As part of my role, I often speak with members about their superannuation. While each person is different, many tend to share the same sentiment about Super. Generally, they find it is not a priority and/or too complicated. They then go on to share that when someone else mentions Super they have a sudden bout of guilt thinking, “I should really look into that”.
My response to these members is always the same, “actually you shouldn’t be too worried about your Super”. This often surprises people. “Why would a Super person say don’t worry about your superannuation? Super funds are constantly advertising and my fund regularly contacts me with updates and information”.
I go on to explain that once you have completed a simple review of your Super fund you can often leave it to grow, at least for a couple of years.
The obvious follow-up question is, “What should I be checking when reviewing my Super?”
The remainder of this article is devoted to outlining the three main things you should review with your Super fund to ensure that you are getting the most out of your Super.
1. Account Details
Firstly, you should check that your Super fund has your correct contact details. Why is this important? If your Super fund is unable to show they have up-to-date contact details for you they may be required to transfer your superannuation balance to the ATO.
The ATO will only apply interest equal to Consumer Price Index (CPI) growth to amounts it holds. If you have built up a sizable retirement nest egg, this could mean a significant reduction in the investment earning you will attain.
Generally, you should be able to review and update your details using your Super fund’s secure member website or mobile app. To update your contact details with Christian Super, login into your Member Access pages.
2. Employer Contributions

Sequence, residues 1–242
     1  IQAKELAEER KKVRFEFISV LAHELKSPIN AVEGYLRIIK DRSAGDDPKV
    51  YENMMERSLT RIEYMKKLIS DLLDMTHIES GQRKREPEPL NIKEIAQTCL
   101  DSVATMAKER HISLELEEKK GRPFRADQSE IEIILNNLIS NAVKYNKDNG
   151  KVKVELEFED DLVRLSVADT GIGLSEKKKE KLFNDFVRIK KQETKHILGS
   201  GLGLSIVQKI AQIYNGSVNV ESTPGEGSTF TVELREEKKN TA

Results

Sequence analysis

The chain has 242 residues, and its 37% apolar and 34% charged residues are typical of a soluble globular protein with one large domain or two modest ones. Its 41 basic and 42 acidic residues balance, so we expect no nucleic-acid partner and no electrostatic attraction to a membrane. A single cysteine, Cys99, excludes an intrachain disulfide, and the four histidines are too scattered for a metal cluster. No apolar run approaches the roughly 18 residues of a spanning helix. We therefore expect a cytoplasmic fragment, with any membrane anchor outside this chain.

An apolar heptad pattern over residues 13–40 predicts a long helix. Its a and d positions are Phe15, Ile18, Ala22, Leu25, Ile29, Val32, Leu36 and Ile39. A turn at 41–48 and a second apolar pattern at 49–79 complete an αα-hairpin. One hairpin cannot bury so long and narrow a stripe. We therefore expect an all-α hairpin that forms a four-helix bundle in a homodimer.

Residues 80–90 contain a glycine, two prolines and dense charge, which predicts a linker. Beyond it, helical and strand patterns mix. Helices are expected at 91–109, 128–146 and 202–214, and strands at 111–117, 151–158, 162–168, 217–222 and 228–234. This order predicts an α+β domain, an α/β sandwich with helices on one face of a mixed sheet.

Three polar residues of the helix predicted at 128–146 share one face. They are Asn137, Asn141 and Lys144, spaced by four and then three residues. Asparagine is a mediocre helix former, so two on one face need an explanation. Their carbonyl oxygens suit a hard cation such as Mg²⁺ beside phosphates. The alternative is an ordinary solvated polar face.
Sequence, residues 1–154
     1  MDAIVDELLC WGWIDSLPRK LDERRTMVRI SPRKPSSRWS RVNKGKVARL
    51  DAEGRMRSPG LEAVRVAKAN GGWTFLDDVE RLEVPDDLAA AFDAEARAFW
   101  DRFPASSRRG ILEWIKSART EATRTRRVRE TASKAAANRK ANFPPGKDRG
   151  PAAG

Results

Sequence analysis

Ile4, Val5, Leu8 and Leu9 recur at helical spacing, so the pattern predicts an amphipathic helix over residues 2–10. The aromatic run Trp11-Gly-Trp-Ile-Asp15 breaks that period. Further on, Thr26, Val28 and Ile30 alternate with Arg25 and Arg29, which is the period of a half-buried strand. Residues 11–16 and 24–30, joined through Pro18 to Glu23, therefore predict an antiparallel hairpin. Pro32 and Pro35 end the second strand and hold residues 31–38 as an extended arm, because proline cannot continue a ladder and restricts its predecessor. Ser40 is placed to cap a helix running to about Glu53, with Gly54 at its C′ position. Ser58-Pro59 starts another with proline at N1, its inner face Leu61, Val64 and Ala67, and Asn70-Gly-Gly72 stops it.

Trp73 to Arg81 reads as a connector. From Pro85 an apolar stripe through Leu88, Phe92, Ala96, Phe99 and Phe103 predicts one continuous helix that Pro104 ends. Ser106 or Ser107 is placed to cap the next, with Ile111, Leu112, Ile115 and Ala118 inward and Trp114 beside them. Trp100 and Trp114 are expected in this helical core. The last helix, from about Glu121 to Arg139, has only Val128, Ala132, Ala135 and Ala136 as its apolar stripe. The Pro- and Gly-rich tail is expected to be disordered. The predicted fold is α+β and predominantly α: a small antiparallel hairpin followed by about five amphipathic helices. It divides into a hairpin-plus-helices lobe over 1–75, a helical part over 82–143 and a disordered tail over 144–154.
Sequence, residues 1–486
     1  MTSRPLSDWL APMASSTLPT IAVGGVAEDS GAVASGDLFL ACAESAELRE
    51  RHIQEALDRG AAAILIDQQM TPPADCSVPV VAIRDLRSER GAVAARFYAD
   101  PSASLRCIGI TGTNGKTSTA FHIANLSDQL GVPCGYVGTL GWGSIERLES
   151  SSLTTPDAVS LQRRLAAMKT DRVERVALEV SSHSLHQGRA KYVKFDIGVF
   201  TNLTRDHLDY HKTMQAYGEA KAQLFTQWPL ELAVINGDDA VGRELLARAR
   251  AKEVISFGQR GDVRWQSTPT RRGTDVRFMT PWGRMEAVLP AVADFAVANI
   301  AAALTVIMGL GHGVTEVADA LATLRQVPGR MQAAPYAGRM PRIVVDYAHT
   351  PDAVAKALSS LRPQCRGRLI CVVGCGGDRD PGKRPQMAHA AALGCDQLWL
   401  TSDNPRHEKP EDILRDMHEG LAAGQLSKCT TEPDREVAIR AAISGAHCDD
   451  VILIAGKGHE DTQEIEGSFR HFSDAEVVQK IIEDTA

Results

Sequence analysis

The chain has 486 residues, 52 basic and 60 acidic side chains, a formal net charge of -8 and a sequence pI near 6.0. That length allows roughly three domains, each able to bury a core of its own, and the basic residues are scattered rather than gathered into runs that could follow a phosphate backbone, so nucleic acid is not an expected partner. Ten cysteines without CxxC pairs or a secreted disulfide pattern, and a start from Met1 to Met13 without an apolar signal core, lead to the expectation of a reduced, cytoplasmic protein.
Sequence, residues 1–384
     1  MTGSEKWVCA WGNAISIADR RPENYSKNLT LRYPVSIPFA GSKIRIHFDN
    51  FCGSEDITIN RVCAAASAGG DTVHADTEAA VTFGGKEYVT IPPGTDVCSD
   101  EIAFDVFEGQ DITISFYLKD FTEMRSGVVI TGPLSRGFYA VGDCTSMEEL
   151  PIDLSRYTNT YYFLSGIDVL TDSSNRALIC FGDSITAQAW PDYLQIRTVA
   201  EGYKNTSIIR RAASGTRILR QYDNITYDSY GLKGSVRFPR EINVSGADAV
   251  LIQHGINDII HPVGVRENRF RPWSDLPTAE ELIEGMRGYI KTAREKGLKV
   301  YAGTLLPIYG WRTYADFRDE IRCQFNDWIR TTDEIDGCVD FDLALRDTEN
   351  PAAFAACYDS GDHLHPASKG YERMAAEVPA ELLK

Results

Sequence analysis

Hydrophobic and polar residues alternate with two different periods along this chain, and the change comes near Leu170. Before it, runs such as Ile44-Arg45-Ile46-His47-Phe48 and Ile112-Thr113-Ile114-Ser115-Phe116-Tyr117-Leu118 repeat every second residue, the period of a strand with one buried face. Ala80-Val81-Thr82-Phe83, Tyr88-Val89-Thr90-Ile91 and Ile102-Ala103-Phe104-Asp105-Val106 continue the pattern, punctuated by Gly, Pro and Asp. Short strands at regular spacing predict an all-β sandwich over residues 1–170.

Next, you check that you are receiving the proper contributions from your employer.
Employers are obligated to make superannuation payments to your Super fund at least quarterly at a minimum amount of 9.5% of your gross earnings (before tax). This will not include earnings such as over-time.
Again, this can be checked using your Super fund member website or mobile app.
If you are not receiving your employer contributions you should enquire with your employer. It may be that your employer is paying your Super to another Super fund. If this is the case you can request your employer pay these contributions to your preferred Super fund. To do this you will need to provide your employer with a choice of fund letter. A copy of Christian Super’s choice of Fund letter can be found here.
3. Check for other or ‘lost’ Super funds
You may think you have a single Super fund, but this may not be the case. As of 30 September 2017, the ATO holds over $18 Billion in lost and inactive Super. Not to mention that the typical working Australian has at least two Super fund accounts. If you have never looked into this, it is quite likely that you either have Super held with the ATO or a second Super fund you are unaware of.
Rolling all your Super into one fund reduces any potential fees you may be paying to multiple Super funds and helps you to keep track of your Super in one place. You can use the MyGov website to check for and recover any of your Super held with the ATO. It’s easy to rollover your Super from other Super funds to Christian Super. Call us on 1300 360 907 or email to firstname.lastname@example.org to get started with consolidating your Super.
While there is always more you can do to tailor your Super such as managing your insurances or reviewing your investment options, the above three areas are a great place to start to help your Super head in the right direction.
And remember, if you have any concerns or questions, please don’t hesitate to Call us on 1300 360 907 or checkout the Consolidate Super tab in member access.
Chief Member Officer
General Disclaimer The content of this article includes advice that is general in nature and does not consider your personal situation. Christian Super encourages all people considering their options in retirement planning to seek out qualified professionals who can provide specific personal advice.